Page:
40,000 in attendance for 200+ exciting oncology presentations, networking and collaborations.

In the lead up to the 2024 ASCO annual meeting, oncology professionals were invited to “Come for the science, stay for the connection and leave with an inspiration that will drive you forward.” Aside from the science, this year’s ASCO theme was also focused on art. “The Art and Science of Cancer Care: From Comfort to Cure” 2024 presidential theme placed patients and their families at the center of many discussions. In her opening address, ASCO President Lynn M. Schuchter stated, “What I’m advocating is a re-emphasis on a fundamental concept in medicine dating back to Hippocrates: “To cure sometimes, to relieve often and to comfort always is all that may reasonably be expected of medicine.”

With patient wellbeing a stronger focus than ever before, palliative care was given as a top priority for oncology patients. Research indicates that palliative integration at diagnosis significantly improves quality of life and overall well-being, with some studies suggesting a potential for longer survival times. Currently only 3–4% of oncology clinicians are dual-certified in oncology and palliative care, so ASCO is piloting an ACGME-approved combined Hematology/Oncology and Hospice and Palliative Medicine Fellowship. ASCO guidelines have also been updated to emphasize palliative care as an integrated, holistic part of patient treatment from the point of diagnosis.

Innovation in oncology research and clinical practice has always set the landscape for other therapeutic areas to explore, and the new grassroots initiative of Common Sense Oncology (CSO) is sure to create ripple effects in the future. The CSO vision is that patients will have access to treatments that provide meaningful improvements in outcomes that matter, regardless of where they live. Achieving this vision will require improvements in evidence generation, evidence interpretation and evidence communication. Headed by a group of clinicians, academics, policymakers and patient advocates from health systems around the world, CSO seeks to ensure that both industry and academia are focused on clinical trial endpoints that improve the quality of life for patients and do not come at the expense of compromised quality of life due to side effects, time toxicity and financial toxicity.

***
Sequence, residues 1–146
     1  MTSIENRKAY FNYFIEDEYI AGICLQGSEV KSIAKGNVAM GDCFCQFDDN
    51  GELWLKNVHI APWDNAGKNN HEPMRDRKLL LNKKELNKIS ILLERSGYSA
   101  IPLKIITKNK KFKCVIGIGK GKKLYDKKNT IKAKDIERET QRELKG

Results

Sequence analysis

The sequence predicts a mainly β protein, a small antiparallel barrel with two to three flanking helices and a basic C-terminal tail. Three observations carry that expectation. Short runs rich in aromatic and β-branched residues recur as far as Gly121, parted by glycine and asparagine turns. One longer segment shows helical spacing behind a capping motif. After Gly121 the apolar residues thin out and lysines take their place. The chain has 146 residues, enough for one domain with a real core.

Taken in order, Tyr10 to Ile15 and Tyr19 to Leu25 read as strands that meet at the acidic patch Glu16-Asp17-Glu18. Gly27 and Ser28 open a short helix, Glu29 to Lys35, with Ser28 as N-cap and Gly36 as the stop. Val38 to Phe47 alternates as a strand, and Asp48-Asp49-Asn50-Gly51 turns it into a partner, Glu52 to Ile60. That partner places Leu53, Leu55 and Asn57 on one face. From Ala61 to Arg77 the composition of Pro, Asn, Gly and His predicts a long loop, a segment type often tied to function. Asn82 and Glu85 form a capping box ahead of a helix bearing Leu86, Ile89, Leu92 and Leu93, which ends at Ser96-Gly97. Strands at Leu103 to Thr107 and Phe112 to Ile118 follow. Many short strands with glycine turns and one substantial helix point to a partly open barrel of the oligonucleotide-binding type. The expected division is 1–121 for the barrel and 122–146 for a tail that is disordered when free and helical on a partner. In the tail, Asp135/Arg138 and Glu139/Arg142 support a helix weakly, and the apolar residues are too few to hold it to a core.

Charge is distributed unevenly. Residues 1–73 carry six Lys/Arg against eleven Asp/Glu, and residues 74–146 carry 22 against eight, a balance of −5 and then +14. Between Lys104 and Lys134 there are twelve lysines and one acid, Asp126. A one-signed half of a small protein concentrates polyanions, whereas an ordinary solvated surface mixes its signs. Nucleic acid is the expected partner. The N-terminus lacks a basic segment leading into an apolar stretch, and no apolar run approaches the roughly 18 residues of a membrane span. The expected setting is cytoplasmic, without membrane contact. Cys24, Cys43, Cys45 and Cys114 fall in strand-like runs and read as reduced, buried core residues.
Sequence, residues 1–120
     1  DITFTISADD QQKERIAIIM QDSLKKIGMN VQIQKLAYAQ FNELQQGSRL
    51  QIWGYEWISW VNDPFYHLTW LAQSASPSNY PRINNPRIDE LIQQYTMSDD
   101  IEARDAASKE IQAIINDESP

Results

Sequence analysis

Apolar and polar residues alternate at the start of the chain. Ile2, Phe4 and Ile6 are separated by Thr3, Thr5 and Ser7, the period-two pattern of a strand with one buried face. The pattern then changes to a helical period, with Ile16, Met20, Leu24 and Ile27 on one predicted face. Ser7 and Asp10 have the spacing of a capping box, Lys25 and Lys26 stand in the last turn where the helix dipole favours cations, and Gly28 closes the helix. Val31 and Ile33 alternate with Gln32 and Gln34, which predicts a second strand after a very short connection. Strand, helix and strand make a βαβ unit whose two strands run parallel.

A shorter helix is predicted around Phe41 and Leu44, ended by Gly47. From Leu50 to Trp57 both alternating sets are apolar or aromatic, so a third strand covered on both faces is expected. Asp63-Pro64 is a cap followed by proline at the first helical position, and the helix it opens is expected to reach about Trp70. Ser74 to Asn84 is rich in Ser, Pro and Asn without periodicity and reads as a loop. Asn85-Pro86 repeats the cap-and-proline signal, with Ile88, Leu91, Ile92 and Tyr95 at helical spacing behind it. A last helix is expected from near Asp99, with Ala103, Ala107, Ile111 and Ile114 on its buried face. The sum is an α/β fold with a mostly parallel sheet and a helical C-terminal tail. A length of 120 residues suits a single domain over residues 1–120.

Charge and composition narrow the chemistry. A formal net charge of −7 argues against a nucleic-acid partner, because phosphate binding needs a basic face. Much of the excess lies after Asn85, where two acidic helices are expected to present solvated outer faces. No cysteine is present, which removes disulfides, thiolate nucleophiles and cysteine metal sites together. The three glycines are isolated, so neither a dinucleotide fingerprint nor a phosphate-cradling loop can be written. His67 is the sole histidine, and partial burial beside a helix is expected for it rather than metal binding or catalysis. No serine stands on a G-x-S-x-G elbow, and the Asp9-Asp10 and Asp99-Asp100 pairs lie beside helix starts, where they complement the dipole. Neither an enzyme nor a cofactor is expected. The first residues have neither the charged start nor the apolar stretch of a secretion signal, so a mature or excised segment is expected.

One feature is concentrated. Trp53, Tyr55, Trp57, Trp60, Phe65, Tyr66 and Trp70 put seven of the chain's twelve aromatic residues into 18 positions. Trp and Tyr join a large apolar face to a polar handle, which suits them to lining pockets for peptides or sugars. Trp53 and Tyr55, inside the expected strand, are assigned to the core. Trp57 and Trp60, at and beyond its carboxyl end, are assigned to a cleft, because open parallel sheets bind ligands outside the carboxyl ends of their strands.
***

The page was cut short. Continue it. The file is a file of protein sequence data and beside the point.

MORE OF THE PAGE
ASCO 2024 was the first full-blown, live-attendance conference since COVID, and the atmosphere was extremely positive with lots of collaborations, side conversations, relationship building and camaraderie. George Clinical was well-represented with Rachel Condjella, Project Director & Regional Therapeutic Area Lead, Oncology; Gillian Ryan, Global Head of Early Phase; multiple members of the business development team; and members of George Clinical’s global oncology scientific leadership team, including Dr. Herbert Loong, Dr. Mustafa Khasraw, Dr. Mitesh J. Borad, Dr. Ralph Boccia, Dr. Ari Vanderwalde and Dr. David Thomas. The team continues to reinforce our global oncology relationships and create new collaborations with sponsors, CROs, KOLs and partners such as Advarra who has helped us to expedite IRB approvals for clinical trials.